Anatomy Report Card: Public Gets an ‘F’Last Updated: June 12, 2009. Ignorance could hamper doctor-patient communication, expert says.
FRIDAY, June 12 (HealthDay News) -- Despite access to the Internet and advances in health education, people still don't seem to know their bodies very well.
A study by British researchers found that many people are ignorant of basic human anatomy and unable to pinpoint the location of several major organs, including the heart and lungs. This was true even if the organ was related to a person's current medical treatment.
The researchers expressed concern that the finding, which duplicates the results of a similar study done 40 years ago, might be another factor that hampers critical doctor-patient communication, causing delays and confusion in diagnosis and treatment.
"Recent evidence has shown that when doctors' and patients' vocabulary are matched, significant gains are found in patients' overall satisfaction with the consultation as well as rapport, communication comfort and compliance intent," study leader John Weinman, a professor at King's College London, noted in a news release from the publisher BioMed Central. The is in its online journal BMC Family Practice.
The researchers asked 722 people to view pictures of men and women with certain areas shaded and to then identify which shaded region contained a certain organ. Though more than 80 percent correctly pointed out the location of the intestines and bladder, more than two-thirds incorrectly placed the lungs and more than half got the location of the heart wrong.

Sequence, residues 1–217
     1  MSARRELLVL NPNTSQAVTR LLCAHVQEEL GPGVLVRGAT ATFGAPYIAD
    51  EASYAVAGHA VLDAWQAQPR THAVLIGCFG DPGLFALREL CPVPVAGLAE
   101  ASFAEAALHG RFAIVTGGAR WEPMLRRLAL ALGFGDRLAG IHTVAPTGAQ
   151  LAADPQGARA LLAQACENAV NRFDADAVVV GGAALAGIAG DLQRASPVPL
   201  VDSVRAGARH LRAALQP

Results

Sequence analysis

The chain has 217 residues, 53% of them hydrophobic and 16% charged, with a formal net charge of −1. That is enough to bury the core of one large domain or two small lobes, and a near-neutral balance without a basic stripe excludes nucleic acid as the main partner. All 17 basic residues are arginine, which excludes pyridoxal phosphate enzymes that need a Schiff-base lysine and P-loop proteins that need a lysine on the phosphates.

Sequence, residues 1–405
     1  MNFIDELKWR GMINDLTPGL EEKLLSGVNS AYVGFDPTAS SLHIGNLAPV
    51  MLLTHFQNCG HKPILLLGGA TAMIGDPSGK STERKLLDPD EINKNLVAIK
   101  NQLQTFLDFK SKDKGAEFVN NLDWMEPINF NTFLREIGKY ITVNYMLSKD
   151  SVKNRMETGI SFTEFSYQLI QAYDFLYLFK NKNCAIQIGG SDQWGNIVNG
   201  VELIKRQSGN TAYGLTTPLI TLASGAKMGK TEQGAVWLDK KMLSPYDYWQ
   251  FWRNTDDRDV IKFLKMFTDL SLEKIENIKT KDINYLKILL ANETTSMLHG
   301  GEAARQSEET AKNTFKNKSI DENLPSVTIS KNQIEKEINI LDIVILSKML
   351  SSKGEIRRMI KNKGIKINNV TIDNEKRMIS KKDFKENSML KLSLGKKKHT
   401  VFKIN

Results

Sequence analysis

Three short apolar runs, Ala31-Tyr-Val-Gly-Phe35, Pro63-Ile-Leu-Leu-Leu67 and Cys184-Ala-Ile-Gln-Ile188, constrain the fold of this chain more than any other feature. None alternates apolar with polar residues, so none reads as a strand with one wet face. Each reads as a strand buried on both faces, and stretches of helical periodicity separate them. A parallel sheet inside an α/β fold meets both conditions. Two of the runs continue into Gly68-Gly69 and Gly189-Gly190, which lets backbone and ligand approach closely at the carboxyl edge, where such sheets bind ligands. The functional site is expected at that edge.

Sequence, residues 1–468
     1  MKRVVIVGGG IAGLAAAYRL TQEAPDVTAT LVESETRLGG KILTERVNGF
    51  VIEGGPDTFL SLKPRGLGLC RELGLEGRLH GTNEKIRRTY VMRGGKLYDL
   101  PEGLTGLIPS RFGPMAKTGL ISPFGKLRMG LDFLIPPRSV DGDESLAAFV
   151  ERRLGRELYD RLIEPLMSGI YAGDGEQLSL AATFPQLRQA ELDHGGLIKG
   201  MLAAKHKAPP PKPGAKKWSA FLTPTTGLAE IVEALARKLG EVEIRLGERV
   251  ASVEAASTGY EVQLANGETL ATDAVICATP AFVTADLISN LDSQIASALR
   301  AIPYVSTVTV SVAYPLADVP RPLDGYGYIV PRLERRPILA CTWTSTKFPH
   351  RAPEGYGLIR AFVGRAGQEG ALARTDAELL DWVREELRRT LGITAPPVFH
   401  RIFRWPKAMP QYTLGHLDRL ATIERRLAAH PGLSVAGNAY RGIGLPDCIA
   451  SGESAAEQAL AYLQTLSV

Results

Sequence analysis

Men and women scored about the same overall, with the participants getting about half the answers right. However, women scored better when the picture was of a woman instead of a man.
"We thought that the improvements in education [in the last four decades], coupled with an increased media focus on medical and health-related topics and growing access to the Internet as a source of medical information might have led to an increase in patients' anatomical knowledge," Weinman said. "As it turns out, there has been no significant improvement in the intervening years."
The U.S. National Cancer Institute has more on understanding the human body.
SOURCE: BioMed Central, news release, June 11, 2009
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